The FCA has proposed extending this resolution period from one to three business days, whilst also allowing customers to immediately refer any dispute to the FOS. The problem the user group identified was that the luxury of three days to handle a complaint will be unworkable for staff at the front line, who might be expected to continuously go back and forth with customers. This would potentially place too great a responsibility in their hands and be logistically unfeasible due to the constant flow of enquiries they receive.

The overriding fear from the group was that front-line staff cannot know the nuances of complaints management without significant and costly training. While they may be trusted to handle informal complaints effectively, firms are reluctant to allow front-line staff the final say on the more formal matters – a notion currently left unclear within CP14/30.

Defining and reporting complaints

What adds further complication to the concerns behind the three day rule is the very definition of a complaint.

Under TR14/18, it was suggested that the definition of a complaint should be reconsidered to remove the more subjective elements that currently exist. Currently, the definition includes, ‘financial loss, material distress and material inconvenience.’

However, upon CP14/30’s release, it does not propose any change. The FCA refused the move to a wider definition, namely that of ‘any expression of dissatisfaction’. Had it been amended, it would remove the complication of genuinely defining what is and is not a complaint. What the FCA has done however, is propose that every complaint is to be reported to the FCA to ensure ‘greater transparency’.

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The concern is that customers, firms and individuals who handle each complaint might interpret this ambiguous definition differently. But because of the increased reporting requirements, every complaint – be it formal or informal – may have to be recorded so nothing slips through the net. As a further consequence, by essentially reporting every single complaint, firms will have to consider leaving no complaint resolution at the front line for fear of how the FCA will review each Summary Resolution Communication (SRC) – which again, is currently undefined under the new rules.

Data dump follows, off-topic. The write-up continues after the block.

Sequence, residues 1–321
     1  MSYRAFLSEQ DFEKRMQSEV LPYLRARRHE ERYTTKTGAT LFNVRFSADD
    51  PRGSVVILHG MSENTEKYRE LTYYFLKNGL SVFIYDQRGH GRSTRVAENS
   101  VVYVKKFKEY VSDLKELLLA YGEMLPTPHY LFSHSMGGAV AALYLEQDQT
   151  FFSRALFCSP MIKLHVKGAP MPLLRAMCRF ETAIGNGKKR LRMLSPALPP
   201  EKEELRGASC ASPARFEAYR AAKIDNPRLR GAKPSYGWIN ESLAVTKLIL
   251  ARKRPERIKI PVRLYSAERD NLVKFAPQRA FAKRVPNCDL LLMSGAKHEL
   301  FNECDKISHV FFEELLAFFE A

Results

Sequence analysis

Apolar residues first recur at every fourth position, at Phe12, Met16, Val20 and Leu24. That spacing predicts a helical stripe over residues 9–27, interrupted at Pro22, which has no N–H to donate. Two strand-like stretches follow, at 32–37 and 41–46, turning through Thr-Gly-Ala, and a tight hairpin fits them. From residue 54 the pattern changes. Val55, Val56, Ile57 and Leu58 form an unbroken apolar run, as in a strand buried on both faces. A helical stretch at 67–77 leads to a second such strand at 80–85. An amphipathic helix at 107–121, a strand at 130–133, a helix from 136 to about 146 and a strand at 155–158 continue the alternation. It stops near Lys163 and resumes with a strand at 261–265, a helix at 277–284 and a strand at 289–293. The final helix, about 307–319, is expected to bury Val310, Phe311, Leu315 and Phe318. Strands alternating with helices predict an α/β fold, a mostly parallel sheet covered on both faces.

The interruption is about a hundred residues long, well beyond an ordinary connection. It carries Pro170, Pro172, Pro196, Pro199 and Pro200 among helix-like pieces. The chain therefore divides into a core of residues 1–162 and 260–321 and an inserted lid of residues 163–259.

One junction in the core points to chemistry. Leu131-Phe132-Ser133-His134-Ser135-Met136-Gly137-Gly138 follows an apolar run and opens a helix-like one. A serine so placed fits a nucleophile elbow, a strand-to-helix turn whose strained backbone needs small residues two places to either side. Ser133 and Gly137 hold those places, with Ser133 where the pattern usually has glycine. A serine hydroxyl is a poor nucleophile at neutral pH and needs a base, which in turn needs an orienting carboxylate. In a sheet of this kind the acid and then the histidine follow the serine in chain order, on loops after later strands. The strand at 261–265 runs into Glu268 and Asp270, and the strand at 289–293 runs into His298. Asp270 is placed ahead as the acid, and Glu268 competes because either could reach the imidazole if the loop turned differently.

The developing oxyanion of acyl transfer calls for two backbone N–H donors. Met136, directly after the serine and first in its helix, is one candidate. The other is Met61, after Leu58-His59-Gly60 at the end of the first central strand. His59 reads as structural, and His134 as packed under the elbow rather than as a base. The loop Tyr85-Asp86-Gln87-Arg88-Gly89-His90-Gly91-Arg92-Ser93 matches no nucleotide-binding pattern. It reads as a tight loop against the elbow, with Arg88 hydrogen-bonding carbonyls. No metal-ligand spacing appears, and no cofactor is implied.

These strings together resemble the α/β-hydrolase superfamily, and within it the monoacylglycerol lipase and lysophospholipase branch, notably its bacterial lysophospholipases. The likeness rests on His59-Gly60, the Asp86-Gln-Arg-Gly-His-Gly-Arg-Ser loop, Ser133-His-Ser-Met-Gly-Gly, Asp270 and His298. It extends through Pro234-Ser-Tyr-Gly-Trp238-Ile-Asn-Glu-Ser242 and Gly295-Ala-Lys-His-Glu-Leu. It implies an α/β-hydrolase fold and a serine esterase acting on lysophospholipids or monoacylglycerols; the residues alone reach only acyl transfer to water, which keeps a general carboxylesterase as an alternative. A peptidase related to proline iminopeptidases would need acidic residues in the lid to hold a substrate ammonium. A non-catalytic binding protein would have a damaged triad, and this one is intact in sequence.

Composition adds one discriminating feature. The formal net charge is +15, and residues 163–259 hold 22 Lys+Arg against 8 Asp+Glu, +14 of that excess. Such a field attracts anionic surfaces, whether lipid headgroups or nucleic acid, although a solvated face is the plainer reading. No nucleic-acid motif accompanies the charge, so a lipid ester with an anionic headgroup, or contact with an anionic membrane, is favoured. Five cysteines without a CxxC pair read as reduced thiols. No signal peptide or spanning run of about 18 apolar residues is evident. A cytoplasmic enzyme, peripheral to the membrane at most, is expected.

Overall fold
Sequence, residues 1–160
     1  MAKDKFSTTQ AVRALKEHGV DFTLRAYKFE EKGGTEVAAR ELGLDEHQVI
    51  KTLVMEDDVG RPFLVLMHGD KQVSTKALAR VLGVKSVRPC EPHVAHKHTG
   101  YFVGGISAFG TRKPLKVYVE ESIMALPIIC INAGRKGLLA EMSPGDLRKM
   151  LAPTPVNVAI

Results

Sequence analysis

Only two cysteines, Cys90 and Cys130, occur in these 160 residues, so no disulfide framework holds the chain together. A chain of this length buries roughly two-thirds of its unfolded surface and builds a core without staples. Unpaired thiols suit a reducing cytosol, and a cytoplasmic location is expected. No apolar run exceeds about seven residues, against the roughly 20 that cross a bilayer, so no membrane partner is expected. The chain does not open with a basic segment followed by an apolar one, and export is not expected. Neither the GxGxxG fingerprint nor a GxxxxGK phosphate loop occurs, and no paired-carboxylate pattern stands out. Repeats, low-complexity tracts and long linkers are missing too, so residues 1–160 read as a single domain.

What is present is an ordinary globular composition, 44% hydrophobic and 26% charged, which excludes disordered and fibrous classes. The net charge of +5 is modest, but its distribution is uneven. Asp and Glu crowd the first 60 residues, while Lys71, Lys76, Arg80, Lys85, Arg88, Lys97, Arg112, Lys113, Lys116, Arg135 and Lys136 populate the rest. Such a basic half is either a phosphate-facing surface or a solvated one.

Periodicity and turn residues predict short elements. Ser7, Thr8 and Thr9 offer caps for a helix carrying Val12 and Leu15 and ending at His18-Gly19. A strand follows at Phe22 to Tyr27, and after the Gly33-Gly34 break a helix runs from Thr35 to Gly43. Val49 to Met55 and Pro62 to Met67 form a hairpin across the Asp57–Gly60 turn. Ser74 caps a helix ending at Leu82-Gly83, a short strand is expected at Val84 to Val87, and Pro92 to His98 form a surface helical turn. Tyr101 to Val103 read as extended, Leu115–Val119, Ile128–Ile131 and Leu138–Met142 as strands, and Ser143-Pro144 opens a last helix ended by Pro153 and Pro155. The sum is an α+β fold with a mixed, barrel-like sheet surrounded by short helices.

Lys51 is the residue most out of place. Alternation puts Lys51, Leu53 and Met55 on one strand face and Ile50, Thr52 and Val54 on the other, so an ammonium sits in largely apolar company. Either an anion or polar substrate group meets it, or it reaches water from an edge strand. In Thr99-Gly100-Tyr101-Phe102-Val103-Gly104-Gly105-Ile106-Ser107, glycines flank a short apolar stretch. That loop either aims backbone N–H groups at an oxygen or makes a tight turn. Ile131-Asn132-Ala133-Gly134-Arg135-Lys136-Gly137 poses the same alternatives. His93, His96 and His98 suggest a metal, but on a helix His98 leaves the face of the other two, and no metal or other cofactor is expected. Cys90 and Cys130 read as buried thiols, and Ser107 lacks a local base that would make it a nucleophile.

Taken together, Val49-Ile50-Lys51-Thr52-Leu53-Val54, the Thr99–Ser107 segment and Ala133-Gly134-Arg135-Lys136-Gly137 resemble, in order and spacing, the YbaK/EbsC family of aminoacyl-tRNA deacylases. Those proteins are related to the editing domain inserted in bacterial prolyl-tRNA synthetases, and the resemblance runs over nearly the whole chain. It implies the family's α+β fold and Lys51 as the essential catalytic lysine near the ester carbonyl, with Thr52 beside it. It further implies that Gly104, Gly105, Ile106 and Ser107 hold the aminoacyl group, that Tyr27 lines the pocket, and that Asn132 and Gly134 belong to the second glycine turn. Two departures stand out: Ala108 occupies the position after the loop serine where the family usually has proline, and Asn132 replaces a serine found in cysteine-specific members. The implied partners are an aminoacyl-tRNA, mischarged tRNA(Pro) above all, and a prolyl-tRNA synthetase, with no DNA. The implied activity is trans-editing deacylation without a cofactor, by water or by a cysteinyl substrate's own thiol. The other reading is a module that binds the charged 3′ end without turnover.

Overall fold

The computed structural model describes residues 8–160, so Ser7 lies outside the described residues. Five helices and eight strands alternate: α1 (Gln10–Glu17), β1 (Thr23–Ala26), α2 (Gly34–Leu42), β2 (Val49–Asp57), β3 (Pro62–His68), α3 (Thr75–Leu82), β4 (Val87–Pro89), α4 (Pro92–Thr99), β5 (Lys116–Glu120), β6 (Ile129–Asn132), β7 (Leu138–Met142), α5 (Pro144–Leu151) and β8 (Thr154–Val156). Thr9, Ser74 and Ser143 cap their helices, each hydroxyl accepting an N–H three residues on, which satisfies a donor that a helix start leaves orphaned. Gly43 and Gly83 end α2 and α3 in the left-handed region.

The group feared that training frontline staff to handle and respond to every complaint within three days would be too great a burden on finances and time. Without sufficient training, or without a sufficiently integrated and efficient system of communicating with senior complaints handling managers, it could in fact increase the risk of customer dissatisfaction and be counterproductive to the FCA’s goals.

Combating the concern

The concerns of the peer group are certainly warranted, but affected organisations might have to accept that there are unlikely to be significant changes to what was published in the Consultation Paper.

The FCA’s response to the industry feedback has not been given a timeframe, but whilst we await clarification of the finer details, one thing is clear: Financial Services firms must start preparing and refining their complaints handling infrastructure as soon as possible. If not, organisations risk an increase in unwanted investigations by the FOS – a negative hit against their own reputations.

But what can firms do to combat the potential reputational damage?

The practicalities and processes that impact organisations’ front-line staff was a consistent theme throughout the user group. It is here where a cost-efficient resolution can be strategised, and there are indeed options that can circumvent the need for a complete overhaul of current methods.

The prime solution is an analytical system whereby front-line staff and senior complaints managers can efficiently capture, process, resolve and analyse every piece of customer feedback, before speedily actioning in line with the pending regulatory demands.

Customer expectations will rise as they become more aware of their rights. It is a sector in which they pay scrupulous attention to their own experience. By acting now and optimising their complaints handling system, businesses can deliver a service that matches both customer and regulatory expectations.

Being ahead of the game will be of benefit to all parties in the long-term, and it is coming sooner than you might expect.